Guilty Trips: Why Millennials Vacation Shame

We all had that friend in college that came back from three months of “classes” in Spain wearing a fedora and constantly reminding you of their trip so they could correct your pronunciation of BarTHelona. If you don't know what I'm referring to, said friend was likely you. 

It's not actually about your friend taking a trip and immersing themselves in another culture. It was that they struck a nerve because they were a reminder that you had not. 

For Millennials, that feeling has turned into “vacation shaming” in the workplace and seeped into our dealings with our professional peers. The difference here, mis amigas, is when translating study abroad to earned vacation days, unplugging isn’t something we can afford to skimp out on

According to the 2016 Alamo Family Vacation Survey, 59 percent of Millennials reported feeling a sense of shame for taking or planning a vacation and 47 percent felt as though they had to justify why they were using their vacation days.

One of the best perks of getting a big girl job is the paid vacation time, so why should we be made to feel guilty for using our rightful days off? 

You might be quick to blame the veteran workforce for playing the shame game, and though there is a big issue with the misperception of millennials, it is our own demographic that is doing the most shaming. Alamo also found that Millennials are more likely than older generations to shame their co-workers (42% vs. 24%) and say they were serious about it (42% vs 22%). 

We all want job security and don’t want to be seen as easily replaceable. We think we have to suffer through our burnout and “do our time.” We tell ourselves that going to the tropics and sipping margaritas is not the responsible thing to do. That’s why colleagues planning vacations are met with the onslaught of snarky “must be nice” comments, followed by the sarcastic, “enjoy the beach, don’t worry we’ll be here.”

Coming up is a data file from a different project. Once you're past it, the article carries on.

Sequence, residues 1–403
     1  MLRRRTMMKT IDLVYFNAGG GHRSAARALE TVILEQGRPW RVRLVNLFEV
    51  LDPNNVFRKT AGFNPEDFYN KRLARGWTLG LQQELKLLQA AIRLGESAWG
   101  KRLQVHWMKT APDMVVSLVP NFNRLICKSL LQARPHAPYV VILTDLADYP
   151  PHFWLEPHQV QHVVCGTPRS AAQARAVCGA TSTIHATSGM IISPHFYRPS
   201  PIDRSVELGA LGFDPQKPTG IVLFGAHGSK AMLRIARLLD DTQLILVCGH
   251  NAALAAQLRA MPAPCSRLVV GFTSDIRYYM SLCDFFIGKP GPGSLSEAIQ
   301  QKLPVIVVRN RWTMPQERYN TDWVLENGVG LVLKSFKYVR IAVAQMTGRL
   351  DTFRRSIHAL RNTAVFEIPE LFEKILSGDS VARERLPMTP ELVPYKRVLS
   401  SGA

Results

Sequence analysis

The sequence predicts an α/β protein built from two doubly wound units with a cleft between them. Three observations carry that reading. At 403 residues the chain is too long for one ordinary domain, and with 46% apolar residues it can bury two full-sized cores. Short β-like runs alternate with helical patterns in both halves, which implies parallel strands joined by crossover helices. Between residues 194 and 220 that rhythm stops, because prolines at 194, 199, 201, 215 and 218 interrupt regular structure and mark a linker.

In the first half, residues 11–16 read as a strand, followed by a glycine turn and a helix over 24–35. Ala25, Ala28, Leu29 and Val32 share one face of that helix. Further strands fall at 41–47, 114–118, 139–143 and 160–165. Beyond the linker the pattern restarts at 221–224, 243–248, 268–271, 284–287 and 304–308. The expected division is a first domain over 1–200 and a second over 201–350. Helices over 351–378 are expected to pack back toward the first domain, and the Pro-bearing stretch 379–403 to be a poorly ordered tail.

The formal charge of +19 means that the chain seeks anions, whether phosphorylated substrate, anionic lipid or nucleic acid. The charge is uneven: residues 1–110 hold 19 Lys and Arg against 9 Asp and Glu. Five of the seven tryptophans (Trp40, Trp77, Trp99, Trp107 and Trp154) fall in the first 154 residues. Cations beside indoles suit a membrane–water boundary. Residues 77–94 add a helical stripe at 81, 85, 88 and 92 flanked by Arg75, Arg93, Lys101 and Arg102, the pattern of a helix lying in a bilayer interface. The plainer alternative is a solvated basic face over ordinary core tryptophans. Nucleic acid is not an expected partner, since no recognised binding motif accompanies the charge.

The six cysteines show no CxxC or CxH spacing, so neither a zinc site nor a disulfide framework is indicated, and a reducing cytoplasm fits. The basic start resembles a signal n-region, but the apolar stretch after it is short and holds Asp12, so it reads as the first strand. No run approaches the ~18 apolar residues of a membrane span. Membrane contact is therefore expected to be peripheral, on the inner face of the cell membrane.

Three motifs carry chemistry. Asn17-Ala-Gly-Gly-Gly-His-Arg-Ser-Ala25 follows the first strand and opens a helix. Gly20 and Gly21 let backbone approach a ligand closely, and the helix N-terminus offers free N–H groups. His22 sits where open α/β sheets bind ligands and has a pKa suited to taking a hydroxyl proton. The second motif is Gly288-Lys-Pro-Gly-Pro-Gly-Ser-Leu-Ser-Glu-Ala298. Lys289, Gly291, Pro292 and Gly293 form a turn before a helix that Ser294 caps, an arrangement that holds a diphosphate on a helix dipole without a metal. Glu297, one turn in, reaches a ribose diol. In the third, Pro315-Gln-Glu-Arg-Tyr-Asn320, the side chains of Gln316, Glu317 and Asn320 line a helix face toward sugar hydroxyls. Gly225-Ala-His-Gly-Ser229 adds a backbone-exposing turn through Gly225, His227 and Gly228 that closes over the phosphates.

So why the guilt trip? 

Americans take the least amount of vacation now than ever before (down 4.1 days since 2000) and this comes at a time when millennials have moved past Gen Xers as the largest generation in the American workforce

Millennials really <3 tech, ICYMI. And technological advancements have changed the office game in terms of mobility—allowing us to work away from our desks—but it's also blurred personal and professional lines. The need for connectivity and the gratification we get from “being on top of our email” has resulted in the burned out, passive-aggressive, work martyr Millennial employee that we all know and love…to avoid. 

We trick ourselves into thinking we are the new wave of work-life balance because we have our work email on our cell phones and social media on our résumés. As young twenty- and thirty-somethings, we were met with a rough start in the workforce. Leading us to correlate busy-ness with effectiveness and even when we complain about burnout it is almost borderline boastful. 

Misery loves company. Colleagues who actually use their hard earned time off merely serve as a reminder to those who waive their right to wanderlust. This generational burnout needs to be addressed, people. When you’ve reached your breaking point and continue to forfeit your time, (and apparently shame others out of using theirs) it can consume your workplace. 

We can't afford to ignore vacation. But the good news here is that we are in full control of this sobering epidemic.

Start by taking your days and have an open dialogue about it.  When a coworker is planning their own vacation, offer to help out or take on a few extra tasks so they can take their time stress free. This does A LOT for your work culture: helping a coworker means when you take that time they will be more than willing to help you. 

When we openly talk about our vacations, it takes a lot of pressure off other people when they want to take their time. Research also shows that vacations can be good for your career. Showing the confidence to take time off speaks volumes to your boss, too. What’s more, if you aren’t using your earned time off, you are essentially working for no pay. 

So next time your co-worker mentions they might need a vacation, change your tone and change the conversation, “You’re taking a vacation? That’s great you deserve it…don’t worry, we've got it covered.”

May 5, 2016